WebXR Pass-through on Quest

What is pass-through?

With Pass-through, you can take a break from your virtual reality experience and get a real-time glimpse of your surroundings. The sensors and cameras on your headset give you a sense of what you would see if you could look directly through the front of your headset. Also, pass-through automatically appears when you’re setting up or making changes to your Guardian. But, some apps even use this feature to blend your real and virtual environments. That blending of real and virtual environments makes pass-through interesting and brings VR devices closer to Mixed Reality devices like the Microsoft HoloLens. And, most important, it can be used from WebXR as well.

The Meta Quest 2 can display pass-through in black and white, while the Quest Pro can display it in color. Unfortunately, I don’t own a Quest Pro (yet) so the examples are in black and white.

How to enable pass-through

When creating a WebXR VR session in your JavaScript app, you’d normally call the requestSession function on navigator.xr and pass it the immersive-vr parameter. To get the pass-through in your app on the Quest, change the parameter to immersive-ar. The code might look something like this:

let xrSession = await navigator.xr.requestSession("immersive-ar");

Because you are running this on a website, you’d never know who and what device is trying to enter AR mode. To check if it is supported, you can call isSessionSupported before requesting it.

if (await navigator.xr.isSessionSupported("immersive-ar")) {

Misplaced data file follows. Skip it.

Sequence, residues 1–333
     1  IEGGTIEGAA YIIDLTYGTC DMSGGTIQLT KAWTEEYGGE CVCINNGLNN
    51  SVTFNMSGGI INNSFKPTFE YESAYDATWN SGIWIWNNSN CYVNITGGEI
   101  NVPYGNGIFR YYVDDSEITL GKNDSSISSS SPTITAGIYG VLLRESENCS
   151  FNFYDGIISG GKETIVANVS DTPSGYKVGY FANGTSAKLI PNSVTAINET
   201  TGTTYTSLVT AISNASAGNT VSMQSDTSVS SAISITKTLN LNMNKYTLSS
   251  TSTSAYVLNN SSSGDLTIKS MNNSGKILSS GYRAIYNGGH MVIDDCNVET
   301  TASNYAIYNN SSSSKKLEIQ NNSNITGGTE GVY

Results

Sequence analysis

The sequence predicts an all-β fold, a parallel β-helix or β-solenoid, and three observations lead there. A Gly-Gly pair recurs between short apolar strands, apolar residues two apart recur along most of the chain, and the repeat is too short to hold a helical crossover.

let xrSession = await navigator.xr.requestSession("immersive-ar");
  // do XR stuff
} else {
  // show a message

Here’s a nice example of this feature running: https://cabanier.github.io/webxr-samples-1/immersive-ar-session.html

If you’ve ever built a WebXR AR app for Android this code might look familiar. And you are correct! That’s one of the great things about WebXR: If the device supports a feature, it works.

How to create AR WebXR in A-Frame.

If you are creating an A-Frame app, getting the pass-through to work is even simpler. You have to do nothing :) A-frame checks if your device supports the immersive-ar-mode and if it does, it shows the button to enter AR.

For example, you can try running this sample from your Quest to see it work https://aframe.io/examples/showcase/helloworld/

How to enable it in Wonderland Engine

Wonderland Engine also comes with the ability to enable pass-through mode. To enable this you’ll have to change to properties in the project settings. The first one is to enable the AR mode. This can be done in the VR & AR section. In the framework dropdown, under AR, select webxr.

Having this set enables the AR button when running if your device supports it. By default, the scene has a grey background. To see the real world you’ll have to make it transparent. To do this look in the Rendering section and change the A (alpha channel) of the clearColor to 0.

When you run the application on the Quest it looks something like this:

Where to go next?

Viewing 3D models in AR can be fun by itself, but it would be nice to be able to place them in the real world. And maybe even anchor them so they are persisted in a specific location. While this is possible, it is too much for this tutorial. So stay tuned for that ;)